On October 7, 2023, California Governor Gavin Newsom signed into law two sweeping climate disclosure bills, Senate Bill 253 (“SB 253”), the Climate Corporate Data Accountability Act, and Senate Bill 261 (“SB 261”), the Climate-Related Risk Act. Taken together, SB 253 and SB 261 overlap the U.S. Securities and Exchange Commission’s proposed climate disclosure rule (the “SEC Proposed Rule”), and expand upon it in several significant ways. The SEC Proposed Rule addresses both greenhouse gas (“GHG”) emissions and climate risk, while the California measures separate the two, with SB 253 addressing GHG emissions, and SB 261 addressing climate risk.Continue Reading Change is in the Air: Everything You Need to Know About California’s Sweeping New Climate Disclosure Laws
For years, domestic content requirements have been a point of pain and frustration for government contractors. Historically, these regimes typically come in the form of the proverbial stick – that is, provide products and/or services that meet these country of origin requirements, or risk severe consequences (the billions in False Claims Act Trade Agreements Act settlements speak for themselves). But through the Inflation Reduction Act of 2022, Congress has taken a unique approach by authorizing the Department of Treasury to use country of origin as a carrot – offering certain energy facilities bonus tax credits for meeting specified “domestic content” requirements. To create this new carrot, Congress relied heavily on the Government’s prior experience with domestic content regimes – pulling predominantly from the Federal Transit Authority’s (“FTA”) “Buy America” regulations, but with a Buy American Act twist. In doing so, Congress has left the renewable energy industry with more questions than answers on the applicability of the bonus tax credit to their facilities.Continue Reading Domestic Content Requirements of the Inflation Reduction Act: Basic Requirements, Qualification Analysis, and Lingering Questions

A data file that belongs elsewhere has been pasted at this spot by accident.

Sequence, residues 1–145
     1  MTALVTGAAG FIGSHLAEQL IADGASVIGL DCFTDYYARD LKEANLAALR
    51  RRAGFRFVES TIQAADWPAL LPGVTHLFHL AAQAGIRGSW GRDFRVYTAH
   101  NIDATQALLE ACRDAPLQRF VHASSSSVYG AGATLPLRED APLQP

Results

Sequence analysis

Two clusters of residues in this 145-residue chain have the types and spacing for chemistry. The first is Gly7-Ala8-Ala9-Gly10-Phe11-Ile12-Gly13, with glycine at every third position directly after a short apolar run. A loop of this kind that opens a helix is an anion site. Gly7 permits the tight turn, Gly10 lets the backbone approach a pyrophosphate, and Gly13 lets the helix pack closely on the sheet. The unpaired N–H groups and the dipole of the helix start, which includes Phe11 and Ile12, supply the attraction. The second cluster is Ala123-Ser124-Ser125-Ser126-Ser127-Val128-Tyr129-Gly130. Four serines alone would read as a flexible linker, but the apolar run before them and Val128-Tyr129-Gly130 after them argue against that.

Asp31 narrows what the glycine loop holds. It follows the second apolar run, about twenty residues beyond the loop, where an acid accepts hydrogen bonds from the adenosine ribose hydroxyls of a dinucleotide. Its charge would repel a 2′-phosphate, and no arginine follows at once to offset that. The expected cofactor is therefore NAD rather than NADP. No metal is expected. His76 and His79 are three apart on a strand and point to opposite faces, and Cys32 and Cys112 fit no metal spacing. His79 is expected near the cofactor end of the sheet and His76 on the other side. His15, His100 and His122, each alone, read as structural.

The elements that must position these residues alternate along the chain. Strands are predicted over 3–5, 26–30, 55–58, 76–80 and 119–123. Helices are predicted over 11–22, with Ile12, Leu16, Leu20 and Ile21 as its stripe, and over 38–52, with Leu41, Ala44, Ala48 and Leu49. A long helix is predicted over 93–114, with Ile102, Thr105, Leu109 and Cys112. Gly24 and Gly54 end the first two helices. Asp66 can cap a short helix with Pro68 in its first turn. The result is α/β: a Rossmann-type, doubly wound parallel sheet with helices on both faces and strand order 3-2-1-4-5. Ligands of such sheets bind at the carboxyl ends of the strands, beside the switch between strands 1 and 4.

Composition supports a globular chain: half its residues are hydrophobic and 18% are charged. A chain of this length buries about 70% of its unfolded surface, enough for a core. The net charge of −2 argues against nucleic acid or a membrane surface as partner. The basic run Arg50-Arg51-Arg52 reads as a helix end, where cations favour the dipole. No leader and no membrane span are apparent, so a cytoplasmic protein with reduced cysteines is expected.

With 2022 having just come to an end, we wanted to take the opportunity to spotlight some of the most impactful climate change legislative and regulatory actions taken in California.Continue Reading 2022 in Review – California Climate Change Policy and Legislation
The U.S. Fish and Wildlife Service (the “Service”) published a proposed rule listing the tricolored bat as an endangered species under the Endangered Species Act (“ESA”). The tricolored bat occurs in portions of 39 states, including Texas, Iowa, and Oklahoma, which contain a significant concentration of utility-scale wind projects. In combination with the Service’s proposed “endangered” designation for the northern long-eared bat, the new proposed rule could complicate wind energy project permitting across the country.Continue Reading U.S. Fish and Wildlife Service Proposes Listing Tricolored Bat as Endangered Under Endangered Species Act
As the demand for renewable energy in the United State increases, so does related project M&A activity. For decades, the Sheppard Mullin team has been working on renewable energy project M&A and now we are helping our clients address several accelerating market trends for projects at all stages of the project life cycle. Here are six key items to be aware of today in US renewable energy M&A transactions.
Continue Reading Six key items to be aware of today in US Renewable Energy M&A Transactions
On May 21, 2020, the Federal Energy Regulatory Commission (“FERC” or “Commission”) approved two orders by 3-1 votes revising its methods to estimate electric, natural gas and oil utilities’ returns on equity (“ROE”). Return on equity is one of the most contentious issues in cost-of-service proceedings before FERC, and FERC’s guidance is unlikely to alter that. In many important ways, the guidance significantly deviated for electric utilities and pipelines, which raises a number of issues regarding whether such deviations are supported by each industry’s risks.
Continue Reading FERC Issues Revised Guidance Regarding Return on Equity Calculations